The anthology ‘The Power of Vulnerability. Mobilising Affect in Feminist, Queer and Anti-Racist Media Cultures’, edited by Anu Koivunen, Katariina Kyrölä and Ingrid Ryberg, is a very diverse and theoretically loaded contribution to current (queer-)feminist and anti-racist debates about vulnerability in medial contexts.
The issue consists, together with the editors’ introduction, of three sections with different content focus: (1) vulnerability in current feminist debates, such as trigger warnings or #MeToo, (2) the positive and negative effects of vulnerability’s visibility, and (3) vulnerability in cultural political contexts. All the contributions have an affect theoretical, (queer-)feminist and partly anti-racist perspective on vulnerability, showing that vulnerability can be more than weakness and disadvantage in political cultures. Rather, the editors as well as the authors of the contributions frame vulnerability on the one hand as a powerful starting point for mobilisation, communication, and policymaking and on the other hand as a tool to uncover and challenge patriarchal and racist power relations. Vulnerability in this anthology is still connected with injury, suffering, and hurt, but it is also seen as something with productive and empowering potentials.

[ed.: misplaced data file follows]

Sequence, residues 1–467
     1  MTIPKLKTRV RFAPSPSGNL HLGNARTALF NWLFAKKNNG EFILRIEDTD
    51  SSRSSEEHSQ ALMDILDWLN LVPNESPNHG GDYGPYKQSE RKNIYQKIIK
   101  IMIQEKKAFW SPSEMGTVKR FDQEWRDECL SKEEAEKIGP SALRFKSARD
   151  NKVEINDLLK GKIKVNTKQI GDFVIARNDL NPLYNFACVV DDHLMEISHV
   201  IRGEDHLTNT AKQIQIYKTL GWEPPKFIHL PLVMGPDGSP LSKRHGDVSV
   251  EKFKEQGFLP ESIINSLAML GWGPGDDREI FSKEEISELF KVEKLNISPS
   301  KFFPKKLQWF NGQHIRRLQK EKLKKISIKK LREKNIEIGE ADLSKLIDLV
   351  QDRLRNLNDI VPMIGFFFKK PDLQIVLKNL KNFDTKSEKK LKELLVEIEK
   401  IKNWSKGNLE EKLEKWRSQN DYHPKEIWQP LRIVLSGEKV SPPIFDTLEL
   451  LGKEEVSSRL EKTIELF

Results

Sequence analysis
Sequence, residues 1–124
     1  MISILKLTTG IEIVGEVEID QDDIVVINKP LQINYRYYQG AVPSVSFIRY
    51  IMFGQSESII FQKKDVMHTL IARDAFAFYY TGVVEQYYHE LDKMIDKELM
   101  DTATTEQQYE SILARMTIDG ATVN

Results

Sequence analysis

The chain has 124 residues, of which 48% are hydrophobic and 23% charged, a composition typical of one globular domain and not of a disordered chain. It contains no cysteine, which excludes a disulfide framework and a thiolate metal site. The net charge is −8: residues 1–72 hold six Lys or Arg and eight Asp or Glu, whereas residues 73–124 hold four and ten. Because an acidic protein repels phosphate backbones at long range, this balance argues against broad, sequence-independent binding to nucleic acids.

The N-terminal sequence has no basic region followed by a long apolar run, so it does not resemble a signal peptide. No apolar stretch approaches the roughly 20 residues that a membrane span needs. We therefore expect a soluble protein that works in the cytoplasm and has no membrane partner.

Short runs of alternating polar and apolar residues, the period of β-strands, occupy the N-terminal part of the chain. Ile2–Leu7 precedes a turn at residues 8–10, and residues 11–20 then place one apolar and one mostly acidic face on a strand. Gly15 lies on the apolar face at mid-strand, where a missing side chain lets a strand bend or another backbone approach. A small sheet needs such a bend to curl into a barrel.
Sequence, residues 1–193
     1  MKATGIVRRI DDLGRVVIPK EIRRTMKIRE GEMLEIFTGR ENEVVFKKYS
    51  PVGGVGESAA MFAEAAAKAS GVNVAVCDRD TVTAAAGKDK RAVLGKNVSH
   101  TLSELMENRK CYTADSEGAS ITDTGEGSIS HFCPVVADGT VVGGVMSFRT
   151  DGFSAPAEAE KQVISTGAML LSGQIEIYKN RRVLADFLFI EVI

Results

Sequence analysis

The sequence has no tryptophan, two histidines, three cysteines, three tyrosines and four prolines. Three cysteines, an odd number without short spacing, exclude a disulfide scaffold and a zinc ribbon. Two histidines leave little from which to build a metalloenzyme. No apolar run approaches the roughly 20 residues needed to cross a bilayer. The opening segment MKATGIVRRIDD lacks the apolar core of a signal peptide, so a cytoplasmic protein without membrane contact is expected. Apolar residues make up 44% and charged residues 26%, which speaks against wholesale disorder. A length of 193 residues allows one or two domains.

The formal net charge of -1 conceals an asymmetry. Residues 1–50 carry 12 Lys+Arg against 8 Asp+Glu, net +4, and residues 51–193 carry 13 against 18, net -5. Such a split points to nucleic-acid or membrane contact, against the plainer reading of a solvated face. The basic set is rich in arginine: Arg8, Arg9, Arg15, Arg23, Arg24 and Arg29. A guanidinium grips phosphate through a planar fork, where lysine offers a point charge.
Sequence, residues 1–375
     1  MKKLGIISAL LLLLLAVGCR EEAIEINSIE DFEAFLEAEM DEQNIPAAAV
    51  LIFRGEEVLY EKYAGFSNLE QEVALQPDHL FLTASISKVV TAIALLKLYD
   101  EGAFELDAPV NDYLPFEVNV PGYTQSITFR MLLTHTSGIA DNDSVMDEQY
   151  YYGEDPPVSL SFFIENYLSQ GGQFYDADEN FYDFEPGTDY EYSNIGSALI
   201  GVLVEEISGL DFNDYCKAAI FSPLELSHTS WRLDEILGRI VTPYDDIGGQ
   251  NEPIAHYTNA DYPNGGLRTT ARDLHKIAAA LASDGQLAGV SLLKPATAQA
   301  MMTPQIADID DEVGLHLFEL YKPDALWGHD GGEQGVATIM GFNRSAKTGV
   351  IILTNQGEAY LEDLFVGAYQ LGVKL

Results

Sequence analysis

In the introduction, the editors trace the current debates about vulnerability in relation to questions that emerged in movements like #MeToo and #BlackLivesMatter: To what extent can representations of injury and vulnerability produce empowerment and to what extent can they contribute to endanger and hurt the persons concerned even more? How can we understand this new ‘language of vulnerability’ (p. 4) in (queer-)feminist and anti-racist media cultures? How do our various understandings of vulnerability mobilise different affects and what are the effects thereof? In their short description of theoretical legacies of vulnerability as a concept, they especially emphasize Judith Butler’s perception of vulnerability always related to power, norms and recognition. Although Butler understands vulnerability as a general condition of human life in this conception, she also recognizes that the distribution of vulnerability between bodies and around the globe is radically different and based on multiple power relations like racism and (hetero-)sexism. It is recognition that for Butler shifts vulnerability from universal co-dependency towards political mobilisation (p. 11). The centrality of recognition in relation to vulnerability also runs through the rest of the anthology and its considerations of vulnerability in political language.